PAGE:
The intrepid heroines range from Unn the Deep Minded, the Viking virago who colonized Iceland, to Sue Hendrikson, a school dropout who became one of the great experts on amber, fossils and shipwrecks. --Ann Prichard, "Coffee-table: Africa, cathedrals, animals, 'Sue,'" USA Today, November 28, 2001

This virago, this madwoman, finally got to me, and I was subjected to the most rude, the most shocking violence I can remember. --José Limón, An Unfinished Memoir

Posted by Neil Payne at 6:25 PM
Categories: Expand Your Vocabulary

premiership faces increasing cross cultural challenges

The Guardian's Anna Kessel writes a very interesting piece on 23rd October 2005 on some of the cross cultural obstacles foreign football players face when joining the Premiership in the UK.

With the influx of foreign players (and managers) into the league there have been some famouc cases of culture clash and culture shock. Hernan Crespo famously left Chelsea last season due to culture shock, although he has now returned to the club.

Pointing to players such as Manchester United's Korean Park Ji-Sung she notes how cross cultural differences surface in football clubs. Park describes how, arriving in Europe, he discovered a football playing culture very different from his own. 'In Korea if a player doesn't play well, you would never criticise him, but in European countries fans criticise their own teams, sometimes they boo them off the pitch,' he says, incredulous.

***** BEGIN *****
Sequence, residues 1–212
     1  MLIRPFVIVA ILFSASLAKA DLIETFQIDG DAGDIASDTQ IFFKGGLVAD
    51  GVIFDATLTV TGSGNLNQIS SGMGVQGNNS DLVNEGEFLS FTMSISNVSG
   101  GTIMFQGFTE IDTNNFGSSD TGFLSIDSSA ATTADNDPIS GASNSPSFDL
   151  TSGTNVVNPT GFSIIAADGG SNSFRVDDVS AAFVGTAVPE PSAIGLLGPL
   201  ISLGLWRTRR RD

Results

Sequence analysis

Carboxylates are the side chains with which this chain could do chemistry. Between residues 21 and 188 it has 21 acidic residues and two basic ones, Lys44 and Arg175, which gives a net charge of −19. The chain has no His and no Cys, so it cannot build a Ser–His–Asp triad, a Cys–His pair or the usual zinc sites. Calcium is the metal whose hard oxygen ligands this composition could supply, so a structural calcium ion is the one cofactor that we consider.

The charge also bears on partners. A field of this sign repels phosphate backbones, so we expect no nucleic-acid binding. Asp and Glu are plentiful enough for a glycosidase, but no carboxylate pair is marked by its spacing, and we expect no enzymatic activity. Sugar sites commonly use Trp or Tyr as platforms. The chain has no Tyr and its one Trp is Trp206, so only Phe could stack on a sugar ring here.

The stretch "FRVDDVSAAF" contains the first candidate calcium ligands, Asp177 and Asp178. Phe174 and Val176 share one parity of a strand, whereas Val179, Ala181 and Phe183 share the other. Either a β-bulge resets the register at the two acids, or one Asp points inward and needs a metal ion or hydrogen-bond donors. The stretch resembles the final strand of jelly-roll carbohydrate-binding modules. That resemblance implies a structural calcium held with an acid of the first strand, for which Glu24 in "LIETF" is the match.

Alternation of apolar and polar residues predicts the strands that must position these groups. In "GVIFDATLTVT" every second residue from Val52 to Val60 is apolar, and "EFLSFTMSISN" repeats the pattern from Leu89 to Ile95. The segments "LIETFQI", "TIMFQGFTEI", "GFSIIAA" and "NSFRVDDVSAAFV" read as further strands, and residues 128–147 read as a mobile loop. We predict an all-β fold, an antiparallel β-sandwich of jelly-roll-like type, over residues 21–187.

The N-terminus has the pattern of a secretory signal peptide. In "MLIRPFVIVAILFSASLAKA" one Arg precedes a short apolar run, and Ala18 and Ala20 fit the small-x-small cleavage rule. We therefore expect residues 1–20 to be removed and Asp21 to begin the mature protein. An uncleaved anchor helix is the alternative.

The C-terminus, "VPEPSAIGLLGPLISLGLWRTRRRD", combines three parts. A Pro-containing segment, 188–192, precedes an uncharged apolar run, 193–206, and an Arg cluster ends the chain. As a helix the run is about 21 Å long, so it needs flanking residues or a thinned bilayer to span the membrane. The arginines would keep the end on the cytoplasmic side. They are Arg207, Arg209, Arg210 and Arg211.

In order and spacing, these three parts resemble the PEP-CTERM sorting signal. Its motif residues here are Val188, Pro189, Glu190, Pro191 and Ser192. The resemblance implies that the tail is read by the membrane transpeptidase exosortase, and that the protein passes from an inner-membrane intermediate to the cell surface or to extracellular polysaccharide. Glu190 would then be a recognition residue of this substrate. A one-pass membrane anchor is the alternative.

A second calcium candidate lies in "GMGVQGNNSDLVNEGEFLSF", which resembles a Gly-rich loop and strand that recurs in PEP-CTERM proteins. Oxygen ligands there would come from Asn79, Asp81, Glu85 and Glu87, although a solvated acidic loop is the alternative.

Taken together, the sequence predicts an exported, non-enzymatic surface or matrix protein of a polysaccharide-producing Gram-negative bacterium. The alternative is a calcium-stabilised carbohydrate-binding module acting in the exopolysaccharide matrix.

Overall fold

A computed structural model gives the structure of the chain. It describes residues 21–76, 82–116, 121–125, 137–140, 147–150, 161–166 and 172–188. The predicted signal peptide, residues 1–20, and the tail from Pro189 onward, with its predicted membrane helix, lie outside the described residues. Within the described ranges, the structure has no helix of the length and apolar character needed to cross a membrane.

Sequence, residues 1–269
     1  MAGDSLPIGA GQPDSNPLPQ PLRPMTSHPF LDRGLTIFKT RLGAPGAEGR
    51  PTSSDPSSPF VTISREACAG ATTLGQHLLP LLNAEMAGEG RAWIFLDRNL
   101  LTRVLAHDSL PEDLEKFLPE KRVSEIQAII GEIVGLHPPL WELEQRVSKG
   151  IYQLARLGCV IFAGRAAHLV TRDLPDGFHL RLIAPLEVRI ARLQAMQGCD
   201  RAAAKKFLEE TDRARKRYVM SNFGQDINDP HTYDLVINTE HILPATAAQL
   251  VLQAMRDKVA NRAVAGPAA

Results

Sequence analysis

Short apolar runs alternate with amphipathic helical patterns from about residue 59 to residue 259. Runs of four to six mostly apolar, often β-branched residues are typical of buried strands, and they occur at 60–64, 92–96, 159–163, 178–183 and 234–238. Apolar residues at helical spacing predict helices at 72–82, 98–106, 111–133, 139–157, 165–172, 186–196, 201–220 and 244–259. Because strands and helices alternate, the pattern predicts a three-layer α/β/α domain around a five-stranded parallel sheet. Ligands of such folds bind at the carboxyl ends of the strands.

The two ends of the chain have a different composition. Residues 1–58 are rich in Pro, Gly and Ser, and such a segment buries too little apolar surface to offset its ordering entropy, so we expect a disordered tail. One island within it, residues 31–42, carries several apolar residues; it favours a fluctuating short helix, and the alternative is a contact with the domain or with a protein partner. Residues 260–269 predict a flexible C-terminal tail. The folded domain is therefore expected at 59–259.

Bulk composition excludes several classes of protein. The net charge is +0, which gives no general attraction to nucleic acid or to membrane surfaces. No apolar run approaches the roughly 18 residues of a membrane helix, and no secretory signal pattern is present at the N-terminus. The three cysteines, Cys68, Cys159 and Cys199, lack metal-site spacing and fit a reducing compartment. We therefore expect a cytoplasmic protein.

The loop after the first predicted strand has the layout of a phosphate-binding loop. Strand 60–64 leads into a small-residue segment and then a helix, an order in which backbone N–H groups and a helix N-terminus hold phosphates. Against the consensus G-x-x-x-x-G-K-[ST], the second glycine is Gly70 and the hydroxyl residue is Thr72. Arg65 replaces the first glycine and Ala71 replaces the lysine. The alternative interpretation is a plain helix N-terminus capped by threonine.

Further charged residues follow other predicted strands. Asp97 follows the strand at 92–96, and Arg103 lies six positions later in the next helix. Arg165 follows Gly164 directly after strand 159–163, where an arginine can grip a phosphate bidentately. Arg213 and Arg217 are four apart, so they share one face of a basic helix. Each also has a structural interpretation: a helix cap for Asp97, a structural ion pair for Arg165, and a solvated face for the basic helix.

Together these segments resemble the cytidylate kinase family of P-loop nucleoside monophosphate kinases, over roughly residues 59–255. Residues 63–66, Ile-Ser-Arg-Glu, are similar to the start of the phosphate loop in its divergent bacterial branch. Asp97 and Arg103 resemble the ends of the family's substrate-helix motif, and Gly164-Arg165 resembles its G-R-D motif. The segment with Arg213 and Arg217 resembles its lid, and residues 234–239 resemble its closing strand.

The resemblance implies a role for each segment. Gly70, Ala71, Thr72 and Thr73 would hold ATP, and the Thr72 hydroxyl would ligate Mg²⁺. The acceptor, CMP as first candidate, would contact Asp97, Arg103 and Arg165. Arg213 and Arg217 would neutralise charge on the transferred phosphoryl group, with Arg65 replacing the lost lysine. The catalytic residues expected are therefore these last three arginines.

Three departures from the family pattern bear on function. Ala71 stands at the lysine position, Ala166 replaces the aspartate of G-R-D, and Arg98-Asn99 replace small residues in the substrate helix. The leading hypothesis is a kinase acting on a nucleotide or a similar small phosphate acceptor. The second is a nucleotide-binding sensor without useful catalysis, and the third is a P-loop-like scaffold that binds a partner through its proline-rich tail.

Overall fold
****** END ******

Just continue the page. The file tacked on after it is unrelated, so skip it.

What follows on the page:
'In Korea if a player makes a mistake, the other players don't like to point it out, rather they try to embrace it, they take the attitude, "Let's do better next time". But in the West if you do something wrong another player will make a point of saying something and you will have to fix it immediately.' The difference, for those familiar with cross cultural dimensions, comes from Korea's tendancy to be a more group focused society rather than an individual focused one.

Bolton's Japanese summer signing, Hidetoshi Nakata, notes how in England an open dialogue between players and their manager is encouraged. However this would be unheard of in oriental cultures where the emphasis lies on being deferential to those in authority. In Korea, when the captain stands at the meal table, the team stand. 'In Japan they treat players like a child,' says Nakata. 'Here we are given choices.'

Read more: Guardian

New English Language Learning Program

ETS, creators of the TOEFL(R) test, the world's leading test of academic English, and Pearson Longman, the leading publisher of English-Language Teaching programs, today unveiled a powerful instructional program to help people learn English and build the skills tested on the next generation TOEFL Internet-based test (TOEFL iBT). TOEFL iBT is a breakthrough in testing that emphasizes integrated skills and communicative competence and allows students to demonstrate the English skills needed for academic success.

Read more: TOEFL

want to live longer? learn a language

In his new book, "Healthy Aging," Dr. Andrew Weil claims that learning a foreign language can help you live longer.